Sister Stories - Cornerstone Church Kingston
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Sister Stories

This podcast encourages us to reflect on how the Lord has grown and moulded us into becoming more like Christ.

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S3 - 6. Jean W.

In this episode, I am interviewing Jean, who is married to Les and has been serving with him in Zambia for many years.

This is a special Zambia episode, leading up to the Zambia trip happening in June, in which several Cornerstone Church members are involved.

Transcript (Auto-generated)

Welcome to the Sista Stories podcast.

The aim of this podcast is to model a good sovereignty in each of our as women, and to encourage 1 another by sharing our stories.

My name is Sophie, and today I'm joined by Jean.

Hello, Jean.

Hello? Hi.

Eric, let's start with, can you tell us a little bit about who you are? Right.

Well, I'm I'm Jean married to Les White.

I'm 89.

And, I and we've been we've been married for a long time.

In a few weeks' time, it will be 68 years since we've been married.

We have 5 children and 8 grandchildren, all of whom are now adults.

The youngest 1 being 18, and we have 2 great granddaughters.


That's great.

So we're going to be talking about how you came to to know the lord Jesus Christ.

But to start us off, could you tell us about your childhood and what it was like? Had a very stable, happy childhood.

Les and I grew up, living in the same road.

We were living in Downham, housing estate, on the edge of Bromley.

And charthood then is very different for the than it is today.

But We did have a we each had a very happy childhood.

My mother went to the local church, a brother in assembly called Brook Lane, and she became she was a member.

And so, Les and I were both sent to a Sunday school at an early age.

And my and we used to and when I think back at at my childhood, I I think, well, the the 3 things, there was school, there was home, and church, because the church provided everything we needed in the way of a social life, really.

We were there all day on Sunday at meetings.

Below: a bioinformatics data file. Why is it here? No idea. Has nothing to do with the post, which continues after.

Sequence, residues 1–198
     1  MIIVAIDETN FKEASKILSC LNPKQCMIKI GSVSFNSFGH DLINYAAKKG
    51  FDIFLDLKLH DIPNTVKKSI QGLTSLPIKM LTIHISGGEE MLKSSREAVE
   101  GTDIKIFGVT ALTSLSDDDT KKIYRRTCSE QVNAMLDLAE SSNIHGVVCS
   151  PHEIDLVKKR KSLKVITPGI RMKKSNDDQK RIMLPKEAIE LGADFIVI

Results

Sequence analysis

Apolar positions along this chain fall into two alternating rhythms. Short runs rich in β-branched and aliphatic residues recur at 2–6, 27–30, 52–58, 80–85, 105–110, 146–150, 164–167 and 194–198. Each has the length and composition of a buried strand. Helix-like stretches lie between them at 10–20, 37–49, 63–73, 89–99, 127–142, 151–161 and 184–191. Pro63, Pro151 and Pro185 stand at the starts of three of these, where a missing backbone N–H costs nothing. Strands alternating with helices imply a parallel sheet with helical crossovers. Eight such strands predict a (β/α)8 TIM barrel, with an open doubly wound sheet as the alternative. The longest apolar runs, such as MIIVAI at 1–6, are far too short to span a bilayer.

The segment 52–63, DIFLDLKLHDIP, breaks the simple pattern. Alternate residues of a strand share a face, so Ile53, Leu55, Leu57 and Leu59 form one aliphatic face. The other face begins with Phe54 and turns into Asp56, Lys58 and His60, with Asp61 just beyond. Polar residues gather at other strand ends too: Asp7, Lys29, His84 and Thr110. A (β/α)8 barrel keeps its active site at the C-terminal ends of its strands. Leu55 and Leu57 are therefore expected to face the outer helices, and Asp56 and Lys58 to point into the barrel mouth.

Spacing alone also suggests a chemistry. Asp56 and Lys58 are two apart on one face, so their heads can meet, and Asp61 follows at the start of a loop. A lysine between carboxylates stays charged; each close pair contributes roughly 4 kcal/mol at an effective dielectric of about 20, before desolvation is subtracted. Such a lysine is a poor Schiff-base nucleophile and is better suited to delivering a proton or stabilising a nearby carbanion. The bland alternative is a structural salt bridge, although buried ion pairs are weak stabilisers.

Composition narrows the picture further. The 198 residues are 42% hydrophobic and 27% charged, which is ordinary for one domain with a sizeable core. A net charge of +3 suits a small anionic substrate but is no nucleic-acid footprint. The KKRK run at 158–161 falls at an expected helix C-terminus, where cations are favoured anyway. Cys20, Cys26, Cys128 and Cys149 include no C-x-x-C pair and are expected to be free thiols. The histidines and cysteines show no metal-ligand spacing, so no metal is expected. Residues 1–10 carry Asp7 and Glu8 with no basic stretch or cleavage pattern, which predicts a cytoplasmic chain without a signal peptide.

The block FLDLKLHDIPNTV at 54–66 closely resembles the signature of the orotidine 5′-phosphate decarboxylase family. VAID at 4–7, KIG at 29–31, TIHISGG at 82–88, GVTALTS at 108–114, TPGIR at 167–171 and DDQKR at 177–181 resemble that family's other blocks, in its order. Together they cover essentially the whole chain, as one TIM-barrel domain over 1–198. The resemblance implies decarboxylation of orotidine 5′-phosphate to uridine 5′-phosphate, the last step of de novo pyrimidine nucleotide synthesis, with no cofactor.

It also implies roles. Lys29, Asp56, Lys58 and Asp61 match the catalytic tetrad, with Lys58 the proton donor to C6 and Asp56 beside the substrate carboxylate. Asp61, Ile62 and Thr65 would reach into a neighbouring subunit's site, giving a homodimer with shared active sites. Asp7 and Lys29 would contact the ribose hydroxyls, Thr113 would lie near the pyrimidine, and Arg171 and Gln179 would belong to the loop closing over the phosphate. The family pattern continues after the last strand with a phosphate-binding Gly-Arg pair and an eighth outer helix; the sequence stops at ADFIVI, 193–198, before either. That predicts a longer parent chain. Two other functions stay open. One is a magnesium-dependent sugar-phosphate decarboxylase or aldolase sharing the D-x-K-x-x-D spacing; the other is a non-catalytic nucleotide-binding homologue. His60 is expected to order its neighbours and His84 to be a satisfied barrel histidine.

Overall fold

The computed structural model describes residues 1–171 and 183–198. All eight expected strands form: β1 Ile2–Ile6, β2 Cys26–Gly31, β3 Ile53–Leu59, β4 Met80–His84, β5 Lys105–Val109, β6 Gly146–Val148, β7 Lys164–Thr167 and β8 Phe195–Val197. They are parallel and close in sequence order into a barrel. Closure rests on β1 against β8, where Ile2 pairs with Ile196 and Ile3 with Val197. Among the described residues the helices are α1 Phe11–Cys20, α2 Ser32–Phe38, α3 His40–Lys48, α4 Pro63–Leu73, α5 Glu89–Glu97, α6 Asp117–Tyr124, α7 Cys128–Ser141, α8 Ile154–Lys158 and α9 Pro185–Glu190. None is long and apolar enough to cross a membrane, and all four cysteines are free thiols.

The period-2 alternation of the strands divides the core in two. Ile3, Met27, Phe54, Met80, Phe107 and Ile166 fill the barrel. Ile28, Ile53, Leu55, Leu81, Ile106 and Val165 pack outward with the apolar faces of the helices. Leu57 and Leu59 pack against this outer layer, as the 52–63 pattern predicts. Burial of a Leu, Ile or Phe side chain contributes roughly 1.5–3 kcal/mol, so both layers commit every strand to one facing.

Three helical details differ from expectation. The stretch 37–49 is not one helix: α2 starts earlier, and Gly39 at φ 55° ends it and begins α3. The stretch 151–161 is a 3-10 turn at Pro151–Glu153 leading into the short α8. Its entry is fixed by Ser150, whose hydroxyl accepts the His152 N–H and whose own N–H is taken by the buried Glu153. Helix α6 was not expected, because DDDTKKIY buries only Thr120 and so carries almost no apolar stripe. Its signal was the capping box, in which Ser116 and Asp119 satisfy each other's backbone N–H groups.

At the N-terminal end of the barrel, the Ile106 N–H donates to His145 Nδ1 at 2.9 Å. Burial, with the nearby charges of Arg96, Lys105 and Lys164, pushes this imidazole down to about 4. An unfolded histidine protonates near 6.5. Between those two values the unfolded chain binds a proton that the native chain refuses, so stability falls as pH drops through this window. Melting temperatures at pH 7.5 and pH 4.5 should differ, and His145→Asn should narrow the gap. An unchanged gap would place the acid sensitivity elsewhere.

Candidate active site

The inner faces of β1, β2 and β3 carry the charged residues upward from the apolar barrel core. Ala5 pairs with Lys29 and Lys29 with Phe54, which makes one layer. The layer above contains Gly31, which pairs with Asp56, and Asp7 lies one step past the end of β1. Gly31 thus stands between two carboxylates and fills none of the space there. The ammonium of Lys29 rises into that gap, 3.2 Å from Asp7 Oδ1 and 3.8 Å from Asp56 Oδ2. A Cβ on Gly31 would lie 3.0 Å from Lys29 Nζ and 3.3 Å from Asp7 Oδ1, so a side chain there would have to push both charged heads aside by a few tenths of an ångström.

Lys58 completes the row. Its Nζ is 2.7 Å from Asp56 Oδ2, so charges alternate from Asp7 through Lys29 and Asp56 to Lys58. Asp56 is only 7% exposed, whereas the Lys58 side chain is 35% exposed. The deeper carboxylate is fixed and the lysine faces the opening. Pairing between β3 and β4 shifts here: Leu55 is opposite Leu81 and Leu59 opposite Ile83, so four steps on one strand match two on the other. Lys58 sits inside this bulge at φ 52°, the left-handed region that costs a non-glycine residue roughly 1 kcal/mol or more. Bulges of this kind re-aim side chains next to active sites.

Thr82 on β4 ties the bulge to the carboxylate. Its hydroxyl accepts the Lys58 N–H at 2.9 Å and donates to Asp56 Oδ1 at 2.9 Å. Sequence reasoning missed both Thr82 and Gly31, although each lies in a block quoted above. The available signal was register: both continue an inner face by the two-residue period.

Saturdays were youth groups and various things.

And so that was a very stable part of my of my life.

And, we're very grateful for the help and support encouragement that we had from from the church, the leaders, And we're very, very grateful to have had such a good basic start in life.

Did you have, at that time, a clear understanding of the gospel? Yes.

I did, but I was quite young, when I became a Christian, the, there there was it was the gospel service in the evening on Sunday.

And the preacher was talking about pilot.

And he said he felt a bit sorry for pilot because he was put in a very difficult position.

And he said, I wonder if pilot, is is in we'll see him in heaven.

And when I thought about it, I was 7, and I thought, well, I don't really know that I'm going to heaven, but perhaps I want to do that.

And and and very simply, I became a Christian then.

I think, because I was so young, I worried that perhaps I hadn't done it properly, so I probably did it another couple of times later on, but And and and that was that was the the start of it, really.


Oh, that's great.

And what role did your parents some people in the church playing that? And how do they help you to grow in your faith? Well, the my my father wasn't a a church member, but he used to come on a Sunday night.

My mother was a member, and, they they they just gave us Well, it's it's difficult to say because there was no sort of outward, they they just encouraged us generally, and it was just I felt sort of safe at church.

And and and there was a good crowd of young people, particularly, So we we had good friends and could do things together.

And as I said, the the air bleed us were very, very, very helpful to us and encouraged us in everything.


So did you stay in that church and in that area for We we stayed.

We were in that church until we were, until we we got married.

Less was in the army, and he went to army apprentice school at 15a half.

And, we we became friends quite early on, as young teenagers.

And so we have, as I say, to be we've we've known each other forever.

Also, it seems.



What's when did you get married? We we got married, in 1955.

I was 21, and this was 20 3, so we were quite young.

But, Les had been with the army.

He'd been in Egypt for, several years.

And he came home and we and we got engaged and and because I was young, he promised my father that we would, he we would be engaged for a year before we got married.

So this is what happened, and And by that time, he was settled teaching, in, in Chatham at the army school.

And so we moved there after after we were married.

That's great.


It it feels like a very different time, obviously, with young men going to the army and things that we're not as familiar with nowadays.

Yeah, I'm really interested to see how how that things developed for me, actually, and and how things are now almost and what differences made you've noticed.

So we can come to that a bit later.


So obviously you you got involved in ministry in Zambia, and you were there for 60 years, almost.


60 years.




Very nice round number.

So how how did that happen? Did that come through the church you were at, or how did that happen for you? Yeah.

Well, Well, less left the army, we'd we'd had Heather by that time.

And then, and then I had twins.

And he left the army.

And, we were living in in Sidcap.

And the and he he became a because he'd, he'd got quite good, practical skills.